Decreased Water Usage

Water is a precious resource that must be conserved. Energy efficient buildings implement various technologies and design principles that significantly reduce water usage compared to conventional buildings.

water efficient showerhead

For example, low-flow plumbing fixtures such as faucets, showerheads and toilets can reduce water usage by 15-30%. High efficiency clothes washers and dishwashers can cut water consumption by 25-50%.

Incorporating native and drought-resistant plants in landscaping design can decrease outdoor water usage by up to 30%. Smart irrigation systems with sensors only water when needed, eliminating waste from overwatering.

Collectively implementing these water savings strategies can reduce a building’s total water usage by 40% or more. With buildings accounting for 13% of potable water consumption in the U.S., widespread adoption of energy efficient buildings could conserve trillions of gallons of water nationwide.

Enhanced Durability and Resiliency

Energy efficient buildings utilize durable materials and construction techniques that enhance the longevity and resiliency of the structure. Some examples include:

  • Insulated concrete forms (ICFs) for walls – These foam forms are filled with concrete and provide excellent insulation values and strength.
  • Structural insulated panels (SIPs) – These roof and wall panels are made of rigid foam insulation sandwiched between layers of structural board.
  • Fiber cement siding – Made from sand, cement and cellulose fibers, this siding is fireproof, waterproof and termite resistant.
  • Cool roofs – White or reflective roofing materials minimize heat gain and thermal stress on the building.
  • Impact-resistant windows – Laminated or tempered glass windows can withstand extreme weather and resist breakage.
  • Steel frame construction – Steel framing is non-combustible and sturdy enough for areas prone to high winds or seismic activity.

Many green buildings are intentionally designed to handle harsh weather, natural disasters, and the effects of climate change. The resilient construction enhances safety and prevents costly repairs or replacements.

Economic Benefits

Energy efficient buildings provide significant economic benefits through energy cost savings and increased property values. An analysis by the U.S. Department of Energy found that buildings meeting LEED energy standards use 25% less energy and have 19% lower maintenance costs on average. These savings can translate into an additional $0.50-$1.50 per square foot in rental rates and $30-$70 more per square foot in selling price.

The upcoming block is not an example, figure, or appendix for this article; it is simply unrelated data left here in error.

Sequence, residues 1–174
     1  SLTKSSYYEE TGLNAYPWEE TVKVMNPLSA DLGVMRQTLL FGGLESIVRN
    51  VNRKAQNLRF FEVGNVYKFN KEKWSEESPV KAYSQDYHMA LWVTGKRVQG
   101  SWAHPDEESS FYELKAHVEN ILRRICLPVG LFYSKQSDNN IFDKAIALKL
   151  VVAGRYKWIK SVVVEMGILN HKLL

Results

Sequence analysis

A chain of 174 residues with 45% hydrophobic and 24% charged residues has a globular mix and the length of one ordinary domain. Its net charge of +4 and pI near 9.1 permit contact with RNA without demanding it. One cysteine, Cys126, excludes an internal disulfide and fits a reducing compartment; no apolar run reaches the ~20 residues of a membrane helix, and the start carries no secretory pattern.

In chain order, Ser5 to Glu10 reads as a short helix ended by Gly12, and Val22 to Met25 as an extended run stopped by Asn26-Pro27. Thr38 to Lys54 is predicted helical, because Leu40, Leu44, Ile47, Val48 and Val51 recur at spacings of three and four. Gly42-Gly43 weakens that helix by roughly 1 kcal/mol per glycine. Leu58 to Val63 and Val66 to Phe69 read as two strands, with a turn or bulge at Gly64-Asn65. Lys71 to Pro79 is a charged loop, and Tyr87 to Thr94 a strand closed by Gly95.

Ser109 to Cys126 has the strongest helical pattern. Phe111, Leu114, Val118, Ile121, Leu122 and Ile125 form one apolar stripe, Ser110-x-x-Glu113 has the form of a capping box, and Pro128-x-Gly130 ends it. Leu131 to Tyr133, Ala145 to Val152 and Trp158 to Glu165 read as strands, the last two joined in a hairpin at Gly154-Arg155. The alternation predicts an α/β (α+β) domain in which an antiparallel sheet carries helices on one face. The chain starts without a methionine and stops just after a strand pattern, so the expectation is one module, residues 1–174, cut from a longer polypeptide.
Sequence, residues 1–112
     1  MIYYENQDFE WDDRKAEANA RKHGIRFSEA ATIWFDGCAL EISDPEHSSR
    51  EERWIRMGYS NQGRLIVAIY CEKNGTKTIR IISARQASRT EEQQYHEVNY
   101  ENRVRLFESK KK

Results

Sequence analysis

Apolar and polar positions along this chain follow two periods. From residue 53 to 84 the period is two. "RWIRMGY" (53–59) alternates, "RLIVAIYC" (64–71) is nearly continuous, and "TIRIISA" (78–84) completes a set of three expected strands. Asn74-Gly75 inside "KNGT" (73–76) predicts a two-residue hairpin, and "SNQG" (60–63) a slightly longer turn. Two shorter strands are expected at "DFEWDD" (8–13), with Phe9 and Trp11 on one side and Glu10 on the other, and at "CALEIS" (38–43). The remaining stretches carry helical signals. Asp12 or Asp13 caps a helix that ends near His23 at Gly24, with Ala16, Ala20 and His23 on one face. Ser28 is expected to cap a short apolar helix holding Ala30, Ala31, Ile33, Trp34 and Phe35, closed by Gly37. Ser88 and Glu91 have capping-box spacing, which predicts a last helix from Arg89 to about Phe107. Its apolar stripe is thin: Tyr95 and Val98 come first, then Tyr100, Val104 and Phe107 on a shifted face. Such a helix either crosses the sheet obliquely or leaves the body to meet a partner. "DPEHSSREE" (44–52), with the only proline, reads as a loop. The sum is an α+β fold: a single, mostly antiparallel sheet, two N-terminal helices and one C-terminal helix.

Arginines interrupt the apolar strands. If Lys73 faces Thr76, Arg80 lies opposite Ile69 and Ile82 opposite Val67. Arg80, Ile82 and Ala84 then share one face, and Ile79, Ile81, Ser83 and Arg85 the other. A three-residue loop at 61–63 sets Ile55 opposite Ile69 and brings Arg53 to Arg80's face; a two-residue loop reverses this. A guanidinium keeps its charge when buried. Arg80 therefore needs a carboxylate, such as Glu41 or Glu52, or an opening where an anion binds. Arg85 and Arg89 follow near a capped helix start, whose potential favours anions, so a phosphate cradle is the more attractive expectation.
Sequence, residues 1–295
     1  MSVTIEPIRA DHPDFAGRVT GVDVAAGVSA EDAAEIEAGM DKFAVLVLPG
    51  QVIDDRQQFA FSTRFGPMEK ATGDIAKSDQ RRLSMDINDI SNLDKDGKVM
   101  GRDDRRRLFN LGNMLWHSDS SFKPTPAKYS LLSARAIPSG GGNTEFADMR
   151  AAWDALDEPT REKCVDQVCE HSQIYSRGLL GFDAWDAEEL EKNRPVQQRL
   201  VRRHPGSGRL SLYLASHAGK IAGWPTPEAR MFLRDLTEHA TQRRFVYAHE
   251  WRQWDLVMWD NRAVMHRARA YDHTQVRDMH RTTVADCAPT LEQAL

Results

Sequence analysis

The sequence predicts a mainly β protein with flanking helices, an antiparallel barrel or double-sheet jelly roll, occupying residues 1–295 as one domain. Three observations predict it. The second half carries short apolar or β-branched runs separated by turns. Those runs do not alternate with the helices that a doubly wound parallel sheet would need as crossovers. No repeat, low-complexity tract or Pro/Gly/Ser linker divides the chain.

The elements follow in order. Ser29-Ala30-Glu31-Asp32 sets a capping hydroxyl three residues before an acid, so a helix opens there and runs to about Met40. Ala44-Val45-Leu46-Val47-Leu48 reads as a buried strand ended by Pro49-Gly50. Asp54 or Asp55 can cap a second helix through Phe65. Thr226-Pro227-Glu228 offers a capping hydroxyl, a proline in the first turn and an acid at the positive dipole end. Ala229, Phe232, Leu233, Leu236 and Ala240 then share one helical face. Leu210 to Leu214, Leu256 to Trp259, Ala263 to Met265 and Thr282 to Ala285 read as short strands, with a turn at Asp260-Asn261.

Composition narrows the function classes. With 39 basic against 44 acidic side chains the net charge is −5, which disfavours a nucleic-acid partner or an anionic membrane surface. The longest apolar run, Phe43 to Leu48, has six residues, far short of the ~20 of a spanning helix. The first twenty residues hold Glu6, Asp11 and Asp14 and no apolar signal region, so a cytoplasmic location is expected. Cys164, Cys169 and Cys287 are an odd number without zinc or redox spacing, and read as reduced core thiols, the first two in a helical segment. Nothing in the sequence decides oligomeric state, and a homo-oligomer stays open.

One study of more than 2 million ENERGY STAR certified homes found they sold for 2.8% more compared to non-certified homes. The study estimated ENERGY STAR certification added $7,500 to the selling price on average. Tax incentives for energy efficient construction and retrofits can also enhance return on investment. Overall, the financial benefits of lower operating expenses, higher rents and property values make energy efficient buildings an appealing option for owners and investors.

Social Benefits

Energy efficient buildings can provide significant social benefits by improving health, comfort, and productivity. Studies have shown that optimal temperature, air quality, acoustics, and lighting in green buildings reduce illnesses like colds and flu. This leads to fewer sick days and lower healthcare costs. The natural sunlight, ventilation, and non-toxic materials found in sustainable spaces also enhance cognitive skills, focus, and emotional wellbeing. Employees working in energy efficient offices have higher satisfaction, morale, and ability to concentrate. Green schools see improved test scores, attendance records, and graduation rates. The overall productivity gains from high-performance buildings benefit companies, schools, communities, and society as a whole. Ultimately, green design isn’t just about saving energy, it’s about creating spaces that improve how we live, heal, work, and learn.

Conclusion

Energy efficient buildings help the environment in numerous ways. By reducing energy usage through efficient design and technology, they lower greenhouse gas emissions that contribute to climate change. Many also increase the use of renewable energy from solar panels and wind turbines. Better insulation, lighting, ventilation, and other features improve air quality indoors and out. Water conservation measures like low-flow fixtures decrease water usage. Energy efficient buildings are often more durable and able to withstand weather events, benefiting communities. There are also economic benefits from lower utility bills and increased property values. Most importantly, energy efficient buildings provide healthier, more comfortable spaces for people to live and work.